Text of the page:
Zofran Birth Defects

The anti-nausea and morning sickness drug Zofran (ondansetron) has been linked to an increased risk of cardiac defects and other congenital birth defects in children whose mothers used the drug while pregnant. Lawsuits filed against GSK, the manufacture of Zofran, have accused the company of marketing Zofran as a treatment for morning sickness despite the fact that it has received dozens of reports of heart defects and other birth defects linked to the use of the drug during pregnancy.

Zofran was first approved by the FDA in 1991 as a treatment for nausea and vomiting caused by cancer, chemotherapy, radiation therapy, or surgery. The drug helps to prevent nausea by blocking the activity of serotonin within the body. Serotonin is a naturally produced chemical that plays a role in nausea and vomiting.

In addition to the injectable version of Zofran that was first approved by the FDA, the agency has also approved versions of the drug that are available in the form of a tablet, a premixed injection, an oral solution, and a dissolving tablet. By 2006, Zofran had become one of the highest selling drugs in the United States, with sales of $1.3 billion over the first nine months of that year. In addition to the brand-name version of the drug, Zofran is also available in generic versions manufactured by TEVA Pharmaceuticals USA, SICOR Pharmaceuticals, and dozens of other drugmakers.

Zofran Linked to Increased Birth Defects Risk

Some of the most serious birth defects linked to the use of Zofran while pregnant include:

  • Congenital heart defects
  • Septal defects, including atrial septal defects (ASD) and ventricular septal defects (VSD)
  • Cleft palate
  • Cleft lip, including unilateral cleft lip and bilateral cleft lip
  • Other major malformations

According to documents uncovered during Zofran lawsuits filed against GSK, the company was aware as early as 2000 of the link between Zofran and birth defects. However, even though the company received dozens of reports of birth defects among children whose mothers used the anti-nausea drug to prevent morning sickness during pregnancy, for years it continued to illegally promote the drug to doctors for use on pregnant women in clear violation of federal law. Reports received by GSK of birth defects linked to the use of Zofran included cases involving congenital heart diseases, dysmorphism, intrauterine death or stillbirth, kidney malformations, congenital diaphragmatic anomalies, congenital musculoskeletal anomalies, and orofacial anomalies.

In 2012, GSK agreed to pay $3 billion as part of a settlement with the Department of Justice for illegally promoting drugs such as Zofran for off-label uses that had not been approved by the FDA. According to the DOJ lawsuit against GSK, the company was accused of making illegal payments to doctors so that they would promote and prescribe Zofran to pregnant women with morning sickness. The lawsuit also accused GSK of providing doctors with false or misleading information about the safety and effectiveness of using Zofran to treat morning sickness.

Heygood, Orr & Pearson and Birth Defects Lawsuits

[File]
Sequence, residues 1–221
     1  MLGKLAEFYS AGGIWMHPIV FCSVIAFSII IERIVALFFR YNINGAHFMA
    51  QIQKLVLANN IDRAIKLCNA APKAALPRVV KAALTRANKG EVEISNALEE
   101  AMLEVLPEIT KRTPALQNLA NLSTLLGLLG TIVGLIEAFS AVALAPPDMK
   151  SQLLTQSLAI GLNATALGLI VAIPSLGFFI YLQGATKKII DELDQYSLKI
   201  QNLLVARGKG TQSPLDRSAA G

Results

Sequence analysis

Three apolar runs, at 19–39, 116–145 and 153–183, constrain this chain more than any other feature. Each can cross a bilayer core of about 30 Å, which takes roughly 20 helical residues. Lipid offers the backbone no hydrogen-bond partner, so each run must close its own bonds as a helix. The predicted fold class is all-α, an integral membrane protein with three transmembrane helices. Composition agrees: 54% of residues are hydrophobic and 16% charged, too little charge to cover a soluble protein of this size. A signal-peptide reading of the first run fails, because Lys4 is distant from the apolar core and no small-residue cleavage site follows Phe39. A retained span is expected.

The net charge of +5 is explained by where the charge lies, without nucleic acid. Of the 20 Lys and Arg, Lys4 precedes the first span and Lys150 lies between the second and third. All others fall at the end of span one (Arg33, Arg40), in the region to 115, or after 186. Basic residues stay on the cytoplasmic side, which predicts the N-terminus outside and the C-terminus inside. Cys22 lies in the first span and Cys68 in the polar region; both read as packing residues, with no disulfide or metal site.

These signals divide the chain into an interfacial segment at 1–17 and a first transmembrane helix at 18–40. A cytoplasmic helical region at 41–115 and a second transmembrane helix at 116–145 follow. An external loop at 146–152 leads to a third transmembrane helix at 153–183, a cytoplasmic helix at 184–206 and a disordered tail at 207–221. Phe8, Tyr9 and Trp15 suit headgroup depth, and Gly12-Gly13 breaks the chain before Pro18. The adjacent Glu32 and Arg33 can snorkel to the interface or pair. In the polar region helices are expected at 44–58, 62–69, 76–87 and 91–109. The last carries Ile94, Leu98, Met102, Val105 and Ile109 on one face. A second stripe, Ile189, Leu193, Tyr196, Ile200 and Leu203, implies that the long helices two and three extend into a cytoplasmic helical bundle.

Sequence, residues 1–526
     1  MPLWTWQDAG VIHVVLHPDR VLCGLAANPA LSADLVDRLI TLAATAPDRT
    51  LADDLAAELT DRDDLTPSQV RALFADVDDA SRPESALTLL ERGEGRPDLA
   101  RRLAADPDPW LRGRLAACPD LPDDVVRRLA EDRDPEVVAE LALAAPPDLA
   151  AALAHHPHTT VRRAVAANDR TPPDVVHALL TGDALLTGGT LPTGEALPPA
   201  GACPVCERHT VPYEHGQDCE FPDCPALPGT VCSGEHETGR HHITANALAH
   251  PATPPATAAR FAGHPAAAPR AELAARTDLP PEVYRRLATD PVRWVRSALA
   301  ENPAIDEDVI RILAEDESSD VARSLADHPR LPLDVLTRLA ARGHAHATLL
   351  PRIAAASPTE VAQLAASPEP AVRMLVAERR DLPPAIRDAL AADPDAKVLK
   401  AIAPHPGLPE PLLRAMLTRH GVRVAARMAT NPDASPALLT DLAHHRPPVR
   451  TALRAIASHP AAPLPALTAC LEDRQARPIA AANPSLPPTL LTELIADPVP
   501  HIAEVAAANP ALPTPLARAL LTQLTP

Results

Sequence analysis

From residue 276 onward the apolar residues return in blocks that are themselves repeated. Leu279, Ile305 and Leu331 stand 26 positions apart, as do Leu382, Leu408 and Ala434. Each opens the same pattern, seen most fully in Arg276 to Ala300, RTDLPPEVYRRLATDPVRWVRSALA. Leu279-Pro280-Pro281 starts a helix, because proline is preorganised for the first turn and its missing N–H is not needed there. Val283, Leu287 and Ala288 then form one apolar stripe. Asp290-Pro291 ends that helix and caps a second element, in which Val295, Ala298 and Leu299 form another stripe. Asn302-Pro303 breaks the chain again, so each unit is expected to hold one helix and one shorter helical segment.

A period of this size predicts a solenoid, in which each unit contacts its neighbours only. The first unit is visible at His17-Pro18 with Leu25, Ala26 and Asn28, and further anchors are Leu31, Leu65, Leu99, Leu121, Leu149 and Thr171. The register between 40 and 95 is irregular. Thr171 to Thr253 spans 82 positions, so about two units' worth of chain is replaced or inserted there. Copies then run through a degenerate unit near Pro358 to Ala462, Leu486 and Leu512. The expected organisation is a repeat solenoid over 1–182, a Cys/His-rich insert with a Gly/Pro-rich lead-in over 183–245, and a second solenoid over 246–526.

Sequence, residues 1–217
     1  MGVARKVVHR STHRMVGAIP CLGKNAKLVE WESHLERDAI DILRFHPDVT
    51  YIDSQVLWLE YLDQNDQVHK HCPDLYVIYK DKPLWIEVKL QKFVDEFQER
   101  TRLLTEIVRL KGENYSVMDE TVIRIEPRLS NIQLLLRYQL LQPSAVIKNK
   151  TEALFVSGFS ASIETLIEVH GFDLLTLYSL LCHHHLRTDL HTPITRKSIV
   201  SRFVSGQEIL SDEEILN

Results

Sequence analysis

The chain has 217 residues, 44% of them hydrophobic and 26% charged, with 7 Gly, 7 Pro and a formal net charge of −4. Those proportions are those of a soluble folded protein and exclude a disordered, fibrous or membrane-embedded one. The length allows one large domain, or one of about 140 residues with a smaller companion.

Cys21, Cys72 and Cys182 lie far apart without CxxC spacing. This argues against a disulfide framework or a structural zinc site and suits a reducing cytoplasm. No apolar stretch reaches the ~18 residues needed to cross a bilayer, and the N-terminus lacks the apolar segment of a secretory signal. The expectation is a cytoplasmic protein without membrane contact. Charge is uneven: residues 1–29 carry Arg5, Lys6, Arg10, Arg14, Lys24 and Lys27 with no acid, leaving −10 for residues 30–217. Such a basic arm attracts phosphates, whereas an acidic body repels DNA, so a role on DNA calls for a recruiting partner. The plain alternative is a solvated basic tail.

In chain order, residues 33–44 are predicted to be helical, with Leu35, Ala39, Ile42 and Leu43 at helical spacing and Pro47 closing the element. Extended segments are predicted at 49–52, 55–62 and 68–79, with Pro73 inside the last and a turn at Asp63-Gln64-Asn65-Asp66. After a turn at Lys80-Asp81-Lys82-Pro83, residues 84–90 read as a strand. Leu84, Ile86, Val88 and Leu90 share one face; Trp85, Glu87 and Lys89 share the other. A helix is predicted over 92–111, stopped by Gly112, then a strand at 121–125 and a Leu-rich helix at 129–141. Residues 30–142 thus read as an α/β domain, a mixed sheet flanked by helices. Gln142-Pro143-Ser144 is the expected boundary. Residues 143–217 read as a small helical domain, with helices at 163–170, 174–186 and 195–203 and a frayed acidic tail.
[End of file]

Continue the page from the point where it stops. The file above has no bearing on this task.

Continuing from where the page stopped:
Zofran lawsuits on behalf of children who were born with birth defects caused by the off-label use of this drug have been filed against GSK in Pennsylvania, Massachusetts, and California. These lawsuits have accused the company of illegally promoting Zofran to treat pregnant women who were suffering from morning sickness or nausea, despite the fact that the company knew this could lead to serious heart defects or other birth defects.

When drug companies fail to warn parents about risk the birth defects and other complications that could be caused by the use of drugs such as Zofran, they may be placing newborns at risk of serious and potentially life threatening birth defects. Despite efforts by the FDA and other health authorities to protect children from prescription drugs linked to an increased risk of birth defects—including SSRI antidepressants such as Zoloft, Celexa, Effexor, Paxil, Prozac, and Lexapro; drugs containing valproate (valproic acid) like Depakote, Depakene, Depacon, and Stavzor; or the acne medication Accutane—thousands of babies are born every year with preventable birth defects due to prenatal exposure to prescription medications.

Women who used Zofran to treat morning sickness during the first trimester of pregnancy and who gave birth to a child with heart defects or other birth defects may be eligible to file a lawsuit and receive compensation for their child’s injuries. The first step in filing a lawsuit against Zofran is to talk with an experienced attorney who can guide you through the process of filing a case.

Heygood, Orr & Pearson has represented numerous patients in pharmaceutical liability lawsuits after they suffered complications caused by prescription drugs. Our lawyers have tried hundreds of cases to verdict and reached settlements in hundreds more, achieving verdicts and settlements totaling more than $200 million.

If your child was born with congenital heart defects or other birth defects after you were prescribed Zofran during pregnancy, you may be qualify to file a lawsuit against the manufacturer of this medication. For more information about your legal rights and to find out whether you may be eligible to file a lawsuit on behalf of your child, contact the law firm of Heygood, Orr & Pearson by calling toll-free at 1-877-446-9001, or by following the link to our free case evaluation form located on this website.